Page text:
BOSNIA AND HERZEGOVINA
Cities in BOSNIA AND HERZEGOVINA
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Bosnia and Herzegovina has been an independent country since 1992. According to the Dayton Peace Agreement (1995), it is a federative republic consisting of two autonomous states or 'entities': the Muslim-Croat Federation (51% of the area) and the Bosnian Serb Republic (Republika Srpska, 49%). Both states have their own president, government and parliament.
The three members of the State Presidency, a Muslim and a Croat from the Federation and a Serb from the Republika Srpska, are directly elected by members of the three largest ethnic groups. The presidency rotates among the members of the presidency every eight months.
The European Union and the United Nations monitor compliance with the peace agreement and have the power to dismiss administrators.
SFOR's many thousands of NATO troops must prevent new hostilities. On April 2, 2003, High Representative Ashdown amended the constitutions of the Serbian Republic and the Muslim-Croat Federation by moving control of the armies of both entities to the state presidency.
The central government of Bosnia and Herzegovina consists of two chambers with legislative power (the People's Chamber with 15 members and the House of Representatives with 42 members), a three-person Presidium, a Council of Ministers, a Constitutional Court and a Central Bank. All these bodies are based on the principle of ethnic equal representation. The central government is responsible for foreign policy, foreign trade, import duties, immigration policy, monetary policy, international law, aviation, communications, financing the government and entering into agreements with other states or international organizations. Both entities have their own armies, which are, however, under the authority of the Presidium of Bosnia and Herzegovina.
The Muslim-Croat Federation has a rotating presidency. Legislative power in the Federation consists of two chambers: the Federation House of Representatives (140 seats) and the People's Chamber (30 Muslims, 30 Croats and 20 others).
The Republika Srpska has a president and a vice-president who is directly elected for a four-year term. The National Assembly of Republika Srpska is elected on the basis of proportional representation and has 83 members. For the current political situation, see chapter history.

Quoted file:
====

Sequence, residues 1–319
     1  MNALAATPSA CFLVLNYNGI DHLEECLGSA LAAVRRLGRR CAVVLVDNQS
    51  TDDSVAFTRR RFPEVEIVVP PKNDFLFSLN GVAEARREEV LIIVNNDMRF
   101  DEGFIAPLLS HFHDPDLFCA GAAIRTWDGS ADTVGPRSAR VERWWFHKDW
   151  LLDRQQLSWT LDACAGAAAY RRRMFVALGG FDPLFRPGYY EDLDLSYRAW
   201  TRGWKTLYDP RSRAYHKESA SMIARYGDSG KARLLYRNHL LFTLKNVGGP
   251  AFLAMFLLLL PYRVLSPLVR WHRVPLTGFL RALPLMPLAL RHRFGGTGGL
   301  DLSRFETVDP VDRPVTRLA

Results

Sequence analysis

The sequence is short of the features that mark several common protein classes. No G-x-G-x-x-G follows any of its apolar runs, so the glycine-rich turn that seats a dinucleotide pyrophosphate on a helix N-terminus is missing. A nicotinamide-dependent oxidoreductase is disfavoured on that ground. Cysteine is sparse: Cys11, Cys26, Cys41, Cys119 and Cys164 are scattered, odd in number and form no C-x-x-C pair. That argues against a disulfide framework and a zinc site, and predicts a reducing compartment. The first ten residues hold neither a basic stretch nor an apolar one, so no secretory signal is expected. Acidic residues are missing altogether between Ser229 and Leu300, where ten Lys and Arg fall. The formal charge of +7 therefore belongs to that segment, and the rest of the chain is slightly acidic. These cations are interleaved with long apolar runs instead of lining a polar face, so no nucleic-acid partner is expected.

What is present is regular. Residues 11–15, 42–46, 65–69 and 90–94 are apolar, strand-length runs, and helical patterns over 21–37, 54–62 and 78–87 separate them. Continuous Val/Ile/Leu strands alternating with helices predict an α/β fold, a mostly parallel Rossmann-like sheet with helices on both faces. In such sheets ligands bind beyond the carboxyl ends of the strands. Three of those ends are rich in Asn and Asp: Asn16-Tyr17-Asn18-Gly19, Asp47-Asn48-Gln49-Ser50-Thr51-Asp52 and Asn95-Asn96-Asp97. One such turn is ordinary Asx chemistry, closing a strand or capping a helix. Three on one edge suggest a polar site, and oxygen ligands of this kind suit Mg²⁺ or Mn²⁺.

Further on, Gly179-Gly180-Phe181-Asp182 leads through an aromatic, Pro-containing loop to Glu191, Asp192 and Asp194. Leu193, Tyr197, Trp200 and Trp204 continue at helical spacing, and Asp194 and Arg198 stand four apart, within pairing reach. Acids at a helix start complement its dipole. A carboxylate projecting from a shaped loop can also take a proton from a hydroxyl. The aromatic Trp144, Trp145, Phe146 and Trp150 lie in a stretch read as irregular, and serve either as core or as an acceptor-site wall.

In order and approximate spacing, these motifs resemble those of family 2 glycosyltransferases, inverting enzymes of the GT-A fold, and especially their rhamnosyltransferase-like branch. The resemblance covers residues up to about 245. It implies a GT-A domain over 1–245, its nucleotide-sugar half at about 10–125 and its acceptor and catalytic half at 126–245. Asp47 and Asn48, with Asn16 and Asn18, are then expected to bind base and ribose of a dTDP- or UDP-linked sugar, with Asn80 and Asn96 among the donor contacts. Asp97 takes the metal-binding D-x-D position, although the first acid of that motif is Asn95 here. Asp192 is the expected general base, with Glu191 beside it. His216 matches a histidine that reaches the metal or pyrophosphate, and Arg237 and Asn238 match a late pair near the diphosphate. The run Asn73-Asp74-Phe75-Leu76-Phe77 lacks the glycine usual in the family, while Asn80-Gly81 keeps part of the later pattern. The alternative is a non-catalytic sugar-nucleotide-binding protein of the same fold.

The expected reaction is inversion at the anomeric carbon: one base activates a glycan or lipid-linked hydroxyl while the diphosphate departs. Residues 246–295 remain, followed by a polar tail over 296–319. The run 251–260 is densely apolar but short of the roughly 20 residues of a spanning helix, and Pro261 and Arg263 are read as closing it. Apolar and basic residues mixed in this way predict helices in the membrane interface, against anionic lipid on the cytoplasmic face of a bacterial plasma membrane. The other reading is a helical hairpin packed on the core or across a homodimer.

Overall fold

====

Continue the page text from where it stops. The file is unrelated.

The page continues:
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Bosnia-Herzegovina is divided into ten cantons, each with its own parliament and administration. All functions and powers not explicitly attributed to the central institutions of Bosnia and Herzegovina in the Dayton Agreement are vested in the entities.
Within the Muslim-Croat Federation, functions and powers that are not explicitly attributed to it fall under the cantons.
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From the age of seven, children are obliged to participate in eight-year primary education. After primary education, they can opt for three or four years of secondary education, possibly followed by vocational training. University education lasts 4-6 years with possibly further specialization. Bosnia and Herzegovina has four universities. The University of Sarajevo (1949) is the oldest, Mostar, Tuzla and Banja Luka were all founded in the 1970s.
Both entities each have their own Ministry of Education, while Croatian and Bosnian education is also provided in all cantons.
To make it even more complicated, all cantons have their own legislation that regulates education. The schools in the Bosnian cantons work with federal school materials; learning materials from Croatia are used in the Croatian cantons.
In the Republic of Srpska, education is fully regulated by the Ministry of Education.
In the Brcko district, innovative legislation ensures that students of different nationalities are taught together. For example, they must learn technical terms in three different languages and be able to use both alphabets. The intention is to increasingly arrange this type of education centrally and introduce it locally.
In April 2002, with the signing of the so-called Mrakovica-Sarajevo Agreement, a compromise was reached on a number of constitutional amendments, which had been negotiated following a decision of the Constitutional Court two years earlier. The constitution included the principle that BiH has three constituent population groups. This new constitutional provision has far-reaching consequences, as it regulates the political representation of the three population groups in those areas where they are a minority (i.e., for example, compulsory inclusion of Muslims in the RS parliament and vice versa in the parliament of the RS). Federation). The governments formed on the basis of the election results of October 5, 2002 are the first to be covered by the new rules.
The 1992-1995 war on Bosnian territory had an extremely unpleasant aftermath for the Netherlands due to the tragic fall of the Srebrenica Muslim enclave in 1995.
Dutch UN soldiers were supposed to protect this so-called "safe area", but despite that, about 7,500 Muslims were murdered by the Bosnian Serbs. In 2002 the long-awaited NIOD report was published, the conclusions of which forced Prime Minister Kok's cabinet to resign. Commander in Chief Van Baal also resigned after heavy pressure.
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Campschreur, W. / Bosnië-Herzegovina : mensen, politiek, economie, cultuur, milieu
Koninklijk Instituut voor de Tropen : Novib
Gabrielpillai, M. / Bosnia and Herzegovina
Gareth Stevens Publishing
Milivojevic, J. / Bosnia and Herzegovina
Phillips, D. / Bosnia and Herzegovina
Chelsea House Publishers
CIA - World Factbook
BBC - Country Profiles
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